A rare outbreak of cholera in Papua New Guinea brings challenges in raising awareness about treatment and prevention, says Medecins Sans Frontieres
FOR the first time in 50 years, a cholera outbreak is affecting Papua New Guinea. Mainly concentrated in the eastern Morobe province, the disease has so far infected 283 people, according to official figures last week.
MÈdecins Sans FrontiËres (MSF), already working in Lae, the provincial capital, was able to mobilise quickly and assist the Ministry of Health in responding to the outbreak. Initially an isolation ward was set up in the Angau Hospital, but when cases increased, a specially constructed Cholera Treatment Centre (CTC) made out of a series of tents, was established at the front of the hospital. The MSF CTC has a capacity of 84 beds, and so far, 136 patients have been treated by MSF teams.
“At the moment, we are not seeing a rapid increase in cases in Lae,” said Steven Cooper, MSF’s Emergency Coordinator. “However, as cholera is a highly contagious disease, we must remain vigilant.
We are continuing to monitor the situation and assess more remote areas.
We are hearing reports that cholera is affecting smaller villages so we are sending teams to examine the situation, and we will be ready to respond if necessary.”
As cholera has not been present in the country for 50 years, challenges have arisen in raising awareness about treatment and prevention and in reducing the stigma surrounding the disease. For example, some public transport providers are refusing to carry patients meaning they cannot access treatment. Over the last few weeks, MSF has therefore focused energy on raising awareness about the disease, and has organised workshops on hygiene and the use of chlorine and briefed key members of the community including schools, pharmacies and local NGOs.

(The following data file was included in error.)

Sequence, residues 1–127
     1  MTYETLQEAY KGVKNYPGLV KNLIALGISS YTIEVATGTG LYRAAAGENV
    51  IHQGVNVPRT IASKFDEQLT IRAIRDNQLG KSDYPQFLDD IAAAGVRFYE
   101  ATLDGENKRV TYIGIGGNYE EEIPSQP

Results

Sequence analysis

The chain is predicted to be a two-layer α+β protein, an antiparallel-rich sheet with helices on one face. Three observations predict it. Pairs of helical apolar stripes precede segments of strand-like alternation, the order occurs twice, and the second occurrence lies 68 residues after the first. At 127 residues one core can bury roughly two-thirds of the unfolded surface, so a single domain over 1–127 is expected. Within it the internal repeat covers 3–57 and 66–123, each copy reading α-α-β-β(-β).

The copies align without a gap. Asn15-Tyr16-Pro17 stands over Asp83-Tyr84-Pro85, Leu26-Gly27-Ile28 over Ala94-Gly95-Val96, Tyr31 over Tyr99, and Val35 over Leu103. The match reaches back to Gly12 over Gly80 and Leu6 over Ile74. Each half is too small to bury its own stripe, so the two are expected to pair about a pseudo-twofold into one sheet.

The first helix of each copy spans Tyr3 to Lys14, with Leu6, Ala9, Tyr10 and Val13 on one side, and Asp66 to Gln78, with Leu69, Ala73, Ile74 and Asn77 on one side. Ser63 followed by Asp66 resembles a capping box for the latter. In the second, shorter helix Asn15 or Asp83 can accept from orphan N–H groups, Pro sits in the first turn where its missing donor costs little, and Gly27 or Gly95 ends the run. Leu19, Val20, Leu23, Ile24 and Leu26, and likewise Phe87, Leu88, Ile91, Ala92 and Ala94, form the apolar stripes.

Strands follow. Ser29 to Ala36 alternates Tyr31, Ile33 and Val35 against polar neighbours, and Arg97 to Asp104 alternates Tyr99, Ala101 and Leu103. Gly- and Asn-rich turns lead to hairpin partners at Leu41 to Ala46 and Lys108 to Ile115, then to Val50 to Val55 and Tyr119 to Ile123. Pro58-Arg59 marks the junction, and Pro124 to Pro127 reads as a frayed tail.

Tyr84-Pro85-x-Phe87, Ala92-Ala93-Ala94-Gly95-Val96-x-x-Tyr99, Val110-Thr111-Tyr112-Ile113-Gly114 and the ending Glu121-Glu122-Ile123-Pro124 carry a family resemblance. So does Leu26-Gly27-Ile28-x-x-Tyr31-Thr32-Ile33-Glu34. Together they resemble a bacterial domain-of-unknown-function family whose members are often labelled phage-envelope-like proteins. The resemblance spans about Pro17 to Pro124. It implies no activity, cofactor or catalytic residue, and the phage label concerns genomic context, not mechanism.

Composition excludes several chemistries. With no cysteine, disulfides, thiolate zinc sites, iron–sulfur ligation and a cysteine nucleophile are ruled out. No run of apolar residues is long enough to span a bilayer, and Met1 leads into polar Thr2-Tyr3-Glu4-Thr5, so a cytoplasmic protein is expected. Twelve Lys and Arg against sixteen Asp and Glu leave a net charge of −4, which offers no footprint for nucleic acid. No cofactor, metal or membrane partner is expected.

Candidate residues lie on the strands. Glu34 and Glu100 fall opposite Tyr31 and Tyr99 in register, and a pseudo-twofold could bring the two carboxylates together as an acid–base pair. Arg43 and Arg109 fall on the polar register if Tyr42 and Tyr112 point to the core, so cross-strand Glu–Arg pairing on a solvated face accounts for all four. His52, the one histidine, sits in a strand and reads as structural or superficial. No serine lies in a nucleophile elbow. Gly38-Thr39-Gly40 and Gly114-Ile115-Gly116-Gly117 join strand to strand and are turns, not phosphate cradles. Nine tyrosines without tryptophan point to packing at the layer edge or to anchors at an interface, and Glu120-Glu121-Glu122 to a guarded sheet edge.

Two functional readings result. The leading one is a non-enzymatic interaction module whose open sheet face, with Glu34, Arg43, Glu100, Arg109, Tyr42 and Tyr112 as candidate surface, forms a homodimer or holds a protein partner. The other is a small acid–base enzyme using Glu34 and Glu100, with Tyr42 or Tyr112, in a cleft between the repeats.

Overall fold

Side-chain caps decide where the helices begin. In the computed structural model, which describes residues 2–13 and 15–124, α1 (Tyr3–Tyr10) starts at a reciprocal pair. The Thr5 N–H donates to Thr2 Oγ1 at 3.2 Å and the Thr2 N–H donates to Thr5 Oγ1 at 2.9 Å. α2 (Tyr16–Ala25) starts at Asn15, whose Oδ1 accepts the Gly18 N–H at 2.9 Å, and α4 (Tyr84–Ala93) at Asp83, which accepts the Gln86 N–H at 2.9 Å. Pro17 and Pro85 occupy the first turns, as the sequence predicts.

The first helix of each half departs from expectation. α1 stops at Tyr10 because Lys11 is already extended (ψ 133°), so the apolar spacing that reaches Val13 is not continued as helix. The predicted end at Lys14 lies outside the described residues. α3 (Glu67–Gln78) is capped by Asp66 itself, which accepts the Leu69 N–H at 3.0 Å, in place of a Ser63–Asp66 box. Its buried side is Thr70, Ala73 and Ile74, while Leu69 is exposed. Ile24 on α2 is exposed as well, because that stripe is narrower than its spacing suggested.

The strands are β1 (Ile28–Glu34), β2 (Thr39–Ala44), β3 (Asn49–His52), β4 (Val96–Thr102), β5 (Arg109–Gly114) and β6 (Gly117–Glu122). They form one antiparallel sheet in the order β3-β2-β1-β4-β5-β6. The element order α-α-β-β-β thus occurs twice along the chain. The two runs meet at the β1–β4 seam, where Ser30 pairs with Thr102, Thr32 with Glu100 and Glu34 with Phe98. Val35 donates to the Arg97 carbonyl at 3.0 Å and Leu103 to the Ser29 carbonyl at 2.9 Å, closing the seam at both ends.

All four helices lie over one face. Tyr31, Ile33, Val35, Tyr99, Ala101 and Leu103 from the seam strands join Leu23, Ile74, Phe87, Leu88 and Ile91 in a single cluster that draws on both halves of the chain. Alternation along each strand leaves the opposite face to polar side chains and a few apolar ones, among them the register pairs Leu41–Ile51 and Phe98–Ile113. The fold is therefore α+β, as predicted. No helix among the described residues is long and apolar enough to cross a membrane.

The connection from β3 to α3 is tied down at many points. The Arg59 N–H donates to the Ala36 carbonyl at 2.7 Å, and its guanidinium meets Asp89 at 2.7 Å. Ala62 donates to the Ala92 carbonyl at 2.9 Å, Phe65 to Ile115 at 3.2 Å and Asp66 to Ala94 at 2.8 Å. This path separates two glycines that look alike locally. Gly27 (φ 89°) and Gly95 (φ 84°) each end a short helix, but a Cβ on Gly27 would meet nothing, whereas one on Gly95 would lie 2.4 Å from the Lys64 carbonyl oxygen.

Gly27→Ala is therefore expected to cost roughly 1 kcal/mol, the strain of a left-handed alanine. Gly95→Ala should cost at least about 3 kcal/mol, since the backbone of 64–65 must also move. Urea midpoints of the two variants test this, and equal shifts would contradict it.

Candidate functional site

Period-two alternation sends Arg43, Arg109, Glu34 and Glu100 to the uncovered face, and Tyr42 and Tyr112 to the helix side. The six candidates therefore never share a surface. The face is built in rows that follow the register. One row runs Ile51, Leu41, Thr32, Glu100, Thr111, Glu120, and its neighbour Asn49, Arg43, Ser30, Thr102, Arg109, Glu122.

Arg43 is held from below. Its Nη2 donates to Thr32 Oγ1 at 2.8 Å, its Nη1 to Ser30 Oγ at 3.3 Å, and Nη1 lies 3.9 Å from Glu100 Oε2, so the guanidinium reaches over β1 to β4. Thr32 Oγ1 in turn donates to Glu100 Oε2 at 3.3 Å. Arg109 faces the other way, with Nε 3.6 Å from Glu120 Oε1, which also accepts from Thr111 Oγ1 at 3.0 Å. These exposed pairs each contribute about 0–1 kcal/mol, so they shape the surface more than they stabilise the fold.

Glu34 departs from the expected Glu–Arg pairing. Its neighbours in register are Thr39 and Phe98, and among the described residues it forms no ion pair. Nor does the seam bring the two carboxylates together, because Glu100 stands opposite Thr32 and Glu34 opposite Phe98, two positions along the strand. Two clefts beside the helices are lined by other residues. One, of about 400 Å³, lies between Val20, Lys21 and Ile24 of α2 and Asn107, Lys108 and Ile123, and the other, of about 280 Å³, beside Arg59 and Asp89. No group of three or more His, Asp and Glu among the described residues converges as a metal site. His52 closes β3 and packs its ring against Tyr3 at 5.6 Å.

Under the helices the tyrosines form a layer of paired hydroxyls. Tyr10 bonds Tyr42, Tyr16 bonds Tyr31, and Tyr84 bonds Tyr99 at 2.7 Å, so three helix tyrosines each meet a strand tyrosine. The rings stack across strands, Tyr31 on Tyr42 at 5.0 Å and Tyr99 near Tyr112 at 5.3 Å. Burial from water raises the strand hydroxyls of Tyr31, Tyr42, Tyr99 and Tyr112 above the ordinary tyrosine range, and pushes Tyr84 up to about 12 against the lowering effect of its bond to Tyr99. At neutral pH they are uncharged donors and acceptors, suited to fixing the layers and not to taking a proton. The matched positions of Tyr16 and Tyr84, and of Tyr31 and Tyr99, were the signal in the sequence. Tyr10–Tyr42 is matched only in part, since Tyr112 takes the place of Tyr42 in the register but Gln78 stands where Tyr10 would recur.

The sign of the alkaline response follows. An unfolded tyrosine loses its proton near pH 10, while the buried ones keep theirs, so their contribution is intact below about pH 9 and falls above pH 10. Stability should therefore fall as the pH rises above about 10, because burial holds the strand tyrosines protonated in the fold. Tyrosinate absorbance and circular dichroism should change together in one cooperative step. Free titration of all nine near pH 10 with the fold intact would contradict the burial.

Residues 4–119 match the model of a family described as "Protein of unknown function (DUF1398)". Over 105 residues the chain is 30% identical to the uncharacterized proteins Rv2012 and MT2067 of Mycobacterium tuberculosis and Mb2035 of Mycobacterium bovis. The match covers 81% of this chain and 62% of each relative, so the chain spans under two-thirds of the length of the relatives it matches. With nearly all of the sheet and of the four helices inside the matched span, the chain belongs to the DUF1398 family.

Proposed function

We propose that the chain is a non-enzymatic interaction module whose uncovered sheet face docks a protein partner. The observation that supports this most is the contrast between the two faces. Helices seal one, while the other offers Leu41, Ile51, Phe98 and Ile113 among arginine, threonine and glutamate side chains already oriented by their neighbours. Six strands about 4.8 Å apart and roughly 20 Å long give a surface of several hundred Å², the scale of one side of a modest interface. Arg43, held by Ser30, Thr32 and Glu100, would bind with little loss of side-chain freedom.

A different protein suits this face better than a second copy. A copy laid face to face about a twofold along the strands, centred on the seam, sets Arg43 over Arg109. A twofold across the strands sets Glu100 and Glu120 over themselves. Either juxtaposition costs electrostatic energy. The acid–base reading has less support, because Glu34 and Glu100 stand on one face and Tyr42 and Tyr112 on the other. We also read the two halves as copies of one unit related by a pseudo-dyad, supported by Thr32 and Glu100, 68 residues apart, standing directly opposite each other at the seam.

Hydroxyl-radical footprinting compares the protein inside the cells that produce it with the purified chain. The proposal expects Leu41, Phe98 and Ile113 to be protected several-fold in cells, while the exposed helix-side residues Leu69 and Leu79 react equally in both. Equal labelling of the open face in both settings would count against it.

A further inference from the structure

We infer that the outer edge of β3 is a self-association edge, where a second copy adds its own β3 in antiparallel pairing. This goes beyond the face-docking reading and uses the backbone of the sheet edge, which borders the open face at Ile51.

Symptoms of cholera include profuse vomiting and diarrhoea resulting in severe dehydration. It is a highly contagious disease but can be prevented by following strict hygiene practices and using and drinking safe, clean water. Treatment is simple: many patients are treated using Oral Rehydration Solution, a treatment which has the correct amount of electrolytes to rehydrate a patient. More severe cases are treated using intravenous drips.
MSF will continue to provide treatment for cholera patients until the epidemic is contained.
In addition to cholera, there has been a confirmed outbreak of dysentery (Shigella flexineri) and influenza (Type A) in Menyamya district. MSF is planning to also send a medical assessment team to investigate.
MSF has been working in Papua New Guinea since 2007. In addition to the current emergency response, teams provide free medical and psychological care for victims of sexual and domestic violence in Lae at the Angau Hospital. There is also a team in Tari, providing emergency medical and surgical care for victims of violence at the Tari Hospital.
* This article is courtesy of the Medecins Sans Frontieres website (www.msf.org)